I still use sea to summit dry bags inside my waterproof for extra protection against the weather or accidents (like a leaking water bag) but with so many options out there I find it something works for me I don’t feel the need to change it. I’m not really a great junkie. If trash bags worked as well as dry bags I’d use them too. 😉

Walking Solo Angela Maxwell

How do you organize things in your bags?

I have an organisation to how I pack my Ortleib bag. It’s mainly about how I need to unpack in the weather. For example, the tent is the first thing I need easy access to in case it’s raining. I can put it up as quickly as possible without getting my other gear wet, then all the bits like stove and clothing is at the bottom. And when in a hurry, it does sometimes just get thrown in there!

Also, having waterproof/water resistant bags are very important. Walking is easy. Keeping your gear safe and dry from the harsh environments is a challenge.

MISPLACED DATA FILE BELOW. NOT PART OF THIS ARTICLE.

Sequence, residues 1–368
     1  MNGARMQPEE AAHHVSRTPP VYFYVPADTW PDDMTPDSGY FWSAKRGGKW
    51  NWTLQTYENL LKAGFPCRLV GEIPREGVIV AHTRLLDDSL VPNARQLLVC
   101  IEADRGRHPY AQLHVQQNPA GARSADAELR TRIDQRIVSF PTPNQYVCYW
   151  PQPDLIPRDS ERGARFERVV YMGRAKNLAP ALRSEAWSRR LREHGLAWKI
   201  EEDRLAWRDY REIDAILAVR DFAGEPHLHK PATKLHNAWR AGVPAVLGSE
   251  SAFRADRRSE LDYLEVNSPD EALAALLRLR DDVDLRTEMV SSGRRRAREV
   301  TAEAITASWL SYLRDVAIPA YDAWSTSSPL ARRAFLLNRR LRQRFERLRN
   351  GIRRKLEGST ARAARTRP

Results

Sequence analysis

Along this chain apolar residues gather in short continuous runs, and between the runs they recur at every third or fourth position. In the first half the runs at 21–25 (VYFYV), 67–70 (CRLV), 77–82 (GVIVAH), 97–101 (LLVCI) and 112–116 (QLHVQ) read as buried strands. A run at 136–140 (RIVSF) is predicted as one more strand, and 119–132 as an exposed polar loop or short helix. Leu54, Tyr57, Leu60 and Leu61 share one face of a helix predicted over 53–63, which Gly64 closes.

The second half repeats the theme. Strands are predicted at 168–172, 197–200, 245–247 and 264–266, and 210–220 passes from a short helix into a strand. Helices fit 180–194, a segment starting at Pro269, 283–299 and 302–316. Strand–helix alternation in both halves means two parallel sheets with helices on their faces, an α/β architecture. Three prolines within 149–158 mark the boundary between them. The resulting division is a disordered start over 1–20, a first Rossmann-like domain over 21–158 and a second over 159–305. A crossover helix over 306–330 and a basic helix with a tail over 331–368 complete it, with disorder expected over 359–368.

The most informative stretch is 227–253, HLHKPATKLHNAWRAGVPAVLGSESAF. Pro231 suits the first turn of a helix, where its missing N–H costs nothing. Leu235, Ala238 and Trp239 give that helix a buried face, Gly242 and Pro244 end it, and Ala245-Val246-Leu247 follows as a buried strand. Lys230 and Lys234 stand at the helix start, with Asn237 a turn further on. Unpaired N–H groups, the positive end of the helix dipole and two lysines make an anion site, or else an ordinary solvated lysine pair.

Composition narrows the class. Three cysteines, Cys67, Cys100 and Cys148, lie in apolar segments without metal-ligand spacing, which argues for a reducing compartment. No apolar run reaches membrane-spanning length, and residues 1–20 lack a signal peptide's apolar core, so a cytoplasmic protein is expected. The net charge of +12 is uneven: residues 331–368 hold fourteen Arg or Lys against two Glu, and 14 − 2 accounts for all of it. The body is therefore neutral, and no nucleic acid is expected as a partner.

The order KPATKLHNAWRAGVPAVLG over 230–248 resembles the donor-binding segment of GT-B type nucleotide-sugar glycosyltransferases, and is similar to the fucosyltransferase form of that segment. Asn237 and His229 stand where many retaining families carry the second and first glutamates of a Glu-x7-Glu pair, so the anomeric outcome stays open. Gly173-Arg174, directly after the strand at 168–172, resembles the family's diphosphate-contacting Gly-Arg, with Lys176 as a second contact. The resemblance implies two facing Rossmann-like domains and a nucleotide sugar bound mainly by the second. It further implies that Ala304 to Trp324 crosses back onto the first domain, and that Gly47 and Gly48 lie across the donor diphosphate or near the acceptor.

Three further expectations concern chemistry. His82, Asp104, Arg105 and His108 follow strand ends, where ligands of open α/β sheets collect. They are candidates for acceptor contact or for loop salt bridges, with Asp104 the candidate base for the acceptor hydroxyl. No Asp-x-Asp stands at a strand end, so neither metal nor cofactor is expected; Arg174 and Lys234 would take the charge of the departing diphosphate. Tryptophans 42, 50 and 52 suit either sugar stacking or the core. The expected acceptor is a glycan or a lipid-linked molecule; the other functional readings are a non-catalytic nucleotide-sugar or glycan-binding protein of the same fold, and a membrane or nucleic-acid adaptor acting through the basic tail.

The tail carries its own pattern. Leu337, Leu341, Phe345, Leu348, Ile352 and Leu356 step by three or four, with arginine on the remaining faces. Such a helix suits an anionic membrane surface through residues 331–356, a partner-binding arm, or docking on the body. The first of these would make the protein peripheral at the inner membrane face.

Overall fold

Any gear you wish you had brought with you from the beginning?

When I first started, I was carrying around 100 pounds of gear. I have gone lighter and lighter over the years and prefer caring less. It’s helped me understand and embrace a more minimal lifestyle. I generally only carry (and own) two pairs of pants, two shirts, five undies, thermals, five pair of socks and two hats. It makes choosing my wear for the day as easy as possible.

Walking Solo Angela Maxwell

What has been your best walking/adventuring-related purchase below $100?

REI co-op trail chair- Cost me about $35. It’;s what I most look forward to after a long days walk and nestled next to a campfire.

What is your best advice for people who want to follow your footsteps?